Here she is, Miss America. Talented. Youthful. Beautiful. Black. I do not dispute any of these, but I have to wonder, because there is already a Miss Black America, what does "black" mean now.

As a concept, not a color, black connotes characteristics of the Negro people. But the selection of Vanessa Williams as Miss America does not mean that nappy hair, full lips and dark skin are beautiful in America.

Instead, her light skin, her straight, auburn hair, and her jewel-like eyes and slender lips reinforce the traditional notion of American beauty while giving the appearance of a racial breakthrough.

"What you are seeing is a kind of partial move toward progress and a reduction in racism by accepting someone who is technically black, but who, on another level, meets all of the standards of a white Miss America," says Dr. Alvin Poussaint, a clinical psychologist at Harvard Medical School. "Until you get a Miss America with Negro features, I don't think you can say color was irrelevant to her selection."

For her part, Vanessa Williams would prefer that race be a "nonissue." But that's not how the world works. Already, makers of hair straighteners and skin toners are making beelines to her door, seeking endorsements for products that will promise any black girl a shot at her kind of beauty.

Just get that kinky stuff out of her hair and she, too, can be beautiful.

This is no criticism of Williams or even the benignly sexist beauty pageant. Like Guion Bluford, the first black astronaut in space, her ascent to stardom raises questions about apparent changes in the attitudes of Americans--black and white.

For a pageant with a history of whiteness like the Miss America contest to suddenly award its top two honors to blacks is comparable to what Benjamin Hooks called the Jackie Robinson move. For as long as I can remember, the pageant has been a bastion of Miss Mississippi, in more ways than one.

And now, "just at the right time" comes a candidate with exotic beauty that America can adore. "Good for the nation," says Ronald Reagan. Maybe now Jesse Jackson will run.

But in some black communities where the struggle to assimilate and integrate into a white society has bordered on the pathological, Williams' victory serves only as a bittersweet confirmation that the lighter your skin, the better your chances of being accepted. And when it comes to looks, they are right.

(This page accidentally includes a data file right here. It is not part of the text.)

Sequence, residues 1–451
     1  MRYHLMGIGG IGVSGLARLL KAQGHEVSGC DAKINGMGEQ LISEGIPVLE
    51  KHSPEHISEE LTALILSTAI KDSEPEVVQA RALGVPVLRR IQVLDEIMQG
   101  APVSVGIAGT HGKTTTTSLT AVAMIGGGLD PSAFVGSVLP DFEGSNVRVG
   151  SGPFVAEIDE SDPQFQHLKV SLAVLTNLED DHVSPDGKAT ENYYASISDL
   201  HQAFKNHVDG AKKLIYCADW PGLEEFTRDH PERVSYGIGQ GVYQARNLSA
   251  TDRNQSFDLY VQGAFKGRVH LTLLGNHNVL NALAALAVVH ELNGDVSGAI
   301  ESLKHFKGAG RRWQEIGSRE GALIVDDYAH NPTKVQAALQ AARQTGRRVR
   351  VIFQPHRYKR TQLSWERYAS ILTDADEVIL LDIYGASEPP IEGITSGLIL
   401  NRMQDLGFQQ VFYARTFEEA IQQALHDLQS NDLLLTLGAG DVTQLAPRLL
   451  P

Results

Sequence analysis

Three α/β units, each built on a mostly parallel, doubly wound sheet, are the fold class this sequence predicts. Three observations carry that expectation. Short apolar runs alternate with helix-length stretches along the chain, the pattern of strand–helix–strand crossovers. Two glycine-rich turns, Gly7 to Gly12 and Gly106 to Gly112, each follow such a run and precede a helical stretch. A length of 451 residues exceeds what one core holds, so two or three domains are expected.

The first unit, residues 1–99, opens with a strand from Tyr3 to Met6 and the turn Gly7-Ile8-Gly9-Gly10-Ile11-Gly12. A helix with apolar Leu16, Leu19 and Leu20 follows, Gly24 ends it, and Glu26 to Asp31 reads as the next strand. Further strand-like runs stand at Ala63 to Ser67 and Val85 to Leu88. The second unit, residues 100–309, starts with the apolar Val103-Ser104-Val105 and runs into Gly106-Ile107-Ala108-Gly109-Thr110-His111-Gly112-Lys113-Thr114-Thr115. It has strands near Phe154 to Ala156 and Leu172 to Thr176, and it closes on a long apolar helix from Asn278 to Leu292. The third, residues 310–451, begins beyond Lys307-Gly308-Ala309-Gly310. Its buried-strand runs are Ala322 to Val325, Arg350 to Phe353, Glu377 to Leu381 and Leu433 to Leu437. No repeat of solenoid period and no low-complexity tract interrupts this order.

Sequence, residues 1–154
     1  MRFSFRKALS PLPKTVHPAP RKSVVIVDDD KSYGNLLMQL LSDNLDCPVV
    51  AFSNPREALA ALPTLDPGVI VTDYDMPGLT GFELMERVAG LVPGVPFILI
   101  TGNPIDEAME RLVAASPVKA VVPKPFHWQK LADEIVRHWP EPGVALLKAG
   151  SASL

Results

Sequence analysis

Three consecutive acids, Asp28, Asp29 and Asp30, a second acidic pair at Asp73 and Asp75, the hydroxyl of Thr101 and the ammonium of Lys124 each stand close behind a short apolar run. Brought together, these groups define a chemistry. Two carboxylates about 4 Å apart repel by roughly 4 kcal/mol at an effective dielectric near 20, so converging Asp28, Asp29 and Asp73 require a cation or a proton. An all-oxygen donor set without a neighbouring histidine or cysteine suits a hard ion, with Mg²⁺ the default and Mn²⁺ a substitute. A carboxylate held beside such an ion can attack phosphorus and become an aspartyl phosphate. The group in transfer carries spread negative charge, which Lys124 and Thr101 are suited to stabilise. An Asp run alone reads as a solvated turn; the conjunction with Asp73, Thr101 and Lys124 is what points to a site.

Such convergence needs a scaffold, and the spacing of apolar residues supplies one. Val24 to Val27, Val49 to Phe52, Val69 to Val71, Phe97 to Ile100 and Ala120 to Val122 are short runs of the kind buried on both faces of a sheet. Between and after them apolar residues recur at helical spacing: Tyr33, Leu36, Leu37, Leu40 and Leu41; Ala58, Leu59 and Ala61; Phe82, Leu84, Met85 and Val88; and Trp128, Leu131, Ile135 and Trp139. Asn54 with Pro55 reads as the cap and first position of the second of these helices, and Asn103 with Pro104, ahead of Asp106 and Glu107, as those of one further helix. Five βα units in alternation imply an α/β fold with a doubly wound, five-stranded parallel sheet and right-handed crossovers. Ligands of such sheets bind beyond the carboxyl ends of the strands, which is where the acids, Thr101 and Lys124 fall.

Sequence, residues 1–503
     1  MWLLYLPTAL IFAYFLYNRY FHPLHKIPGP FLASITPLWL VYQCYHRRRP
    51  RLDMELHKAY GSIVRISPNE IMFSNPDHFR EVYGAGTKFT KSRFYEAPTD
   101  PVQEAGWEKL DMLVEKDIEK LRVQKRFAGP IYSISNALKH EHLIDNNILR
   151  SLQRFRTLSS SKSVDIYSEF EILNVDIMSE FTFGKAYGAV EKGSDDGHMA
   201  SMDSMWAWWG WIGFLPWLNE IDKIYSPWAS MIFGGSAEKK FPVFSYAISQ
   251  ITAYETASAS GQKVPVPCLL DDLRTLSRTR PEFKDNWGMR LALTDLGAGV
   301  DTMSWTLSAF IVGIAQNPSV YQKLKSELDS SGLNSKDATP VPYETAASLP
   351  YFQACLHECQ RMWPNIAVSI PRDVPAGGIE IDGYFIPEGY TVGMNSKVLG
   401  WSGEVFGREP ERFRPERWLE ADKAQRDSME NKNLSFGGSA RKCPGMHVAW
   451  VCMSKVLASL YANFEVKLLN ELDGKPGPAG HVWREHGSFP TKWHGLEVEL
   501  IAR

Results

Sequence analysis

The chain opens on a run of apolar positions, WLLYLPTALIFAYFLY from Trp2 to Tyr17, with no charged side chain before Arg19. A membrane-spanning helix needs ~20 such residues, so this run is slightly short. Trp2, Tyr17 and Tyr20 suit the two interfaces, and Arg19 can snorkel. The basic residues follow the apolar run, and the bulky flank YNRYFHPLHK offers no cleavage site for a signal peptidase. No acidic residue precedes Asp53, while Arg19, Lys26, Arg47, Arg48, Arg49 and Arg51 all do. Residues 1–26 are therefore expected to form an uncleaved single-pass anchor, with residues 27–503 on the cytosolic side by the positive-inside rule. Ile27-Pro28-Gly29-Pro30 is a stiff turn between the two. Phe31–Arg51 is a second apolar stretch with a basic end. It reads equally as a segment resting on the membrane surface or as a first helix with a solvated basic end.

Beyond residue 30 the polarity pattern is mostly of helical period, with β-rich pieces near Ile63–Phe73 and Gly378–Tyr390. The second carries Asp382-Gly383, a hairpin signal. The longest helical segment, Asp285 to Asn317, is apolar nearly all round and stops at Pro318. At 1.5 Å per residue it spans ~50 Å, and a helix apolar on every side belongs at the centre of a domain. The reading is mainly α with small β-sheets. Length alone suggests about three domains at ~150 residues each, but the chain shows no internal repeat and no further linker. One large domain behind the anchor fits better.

White beauty is in the eye of the beholder. Television, movie and magazine images certainly shape the mind of the beholder. Of the men I asked whether they would prefer to date a woman who looks like Miss America (Miss New York) or Miss Maryland, who is also black but darker, the answers were invariably Miss America.

To some, this may seem like making a mountain out of a molehill, but I remember how black was beautiful 10 years ago and have since been struck with how abruptly the Afro was cut short.

"I think black style has moved closer to what blacks think whites will accept," says Poussaint. "It's a subcultural thing. Anyone looking to get ahead these days, and by that I mean your middle class blacks, adopts styles that do not intimidate. It reflects that blacks move with the times, and as times became more conservative they got in line and toned down."

It would be nice to sit back and just enjoy the Miss America Pageant for what it is. But unlike any other "black first," this one specifically touched on the sensitive matter of black beauty, which is crucial to self-respect.

Says Poussaint, "If you are always trying to adjust to others' standards of beauty, it represents a denial of self. When blacks use hair straighteners and bleaching cream, what they are really saying is they do not like themselves. It is an element of self-denigration."

It took a lot of energy to work with an Afro hairdo, morning, noon and night. But that was sustained by an intense, though fleeting, notion that black hair was good hair. Now that's being questioned again. And not just because of Miss America.

The makers of Ultra-Curl Curly Perm hair relaxers have been claiming for months that they can "match your hair with your attitude." Now, it's official.